Royal Dutch Shell Declares 'Force Majeure' As South African Strikes Intensify

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Royal Dutch Shell PLC (London: RDSA), the world's fourth-largest energy company by market capitalization, said Friday it would be unable to fulfill all delivery commitments in South Africa as the country grapples with the strikes of 20,000 truck drivers and 75,000 metal miners.

The Hague, Netherlands-based Shell declared a "force majeure" that allows it to break contracts due to uncontrollable circumstances. "There is fuel available across the country, so the issue is not fuel supply, but the challenge is delivering it safely to our retail sites," the company said in a statement to Reuters.

Violence continued throughout the country as police shot one worker dead near a platinum mine in Rustenburg owned by Anglo American PLC (London: AAL). Workers told Reuters that the person was shot by a rubber bullet, but police would not confirm the cause of death. A total of 48 workers and police have been killed since strikes began, including 34 deaths at the Marikana mine owned by Lonmin PLC (London: LMI).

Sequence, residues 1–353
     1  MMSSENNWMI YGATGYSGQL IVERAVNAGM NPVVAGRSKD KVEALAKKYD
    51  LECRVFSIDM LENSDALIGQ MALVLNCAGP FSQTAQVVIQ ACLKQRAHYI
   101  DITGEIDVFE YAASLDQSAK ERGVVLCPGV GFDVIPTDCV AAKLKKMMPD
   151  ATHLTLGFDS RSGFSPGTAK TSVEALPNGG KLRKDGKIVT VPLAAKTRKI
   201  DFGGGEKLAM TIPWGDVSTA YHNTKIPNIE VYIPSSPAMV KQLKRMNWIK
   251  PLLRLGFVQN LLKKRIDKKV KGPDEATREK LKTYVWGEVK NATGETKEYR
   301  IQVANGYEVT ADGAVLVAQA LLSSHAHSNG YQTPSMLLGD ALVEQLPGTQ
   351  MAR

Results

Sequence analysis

Companies including AngloGold Ashanti Ltd. (NYSE: AU), the country's biggest gold producer, Gold Fields Ltd. (NYSE: GFI) and Harmony Gold Mining Co. (NYSE: HMY) have also been affected by strikes, which have encompassed around 15 percent of the country's miners.

South Africa's Finance Minister, Pravi Gordham, plans to cut the country's 2012 GDP growth forecast down from 2.7 percent, when he presents an interim budget on Oct. 24.

The South African rand fell 1.68 percent to 11.5 cents in Friday morning trading. Shares of Shell rose 0.49 percent to $71.92 in morning trading.

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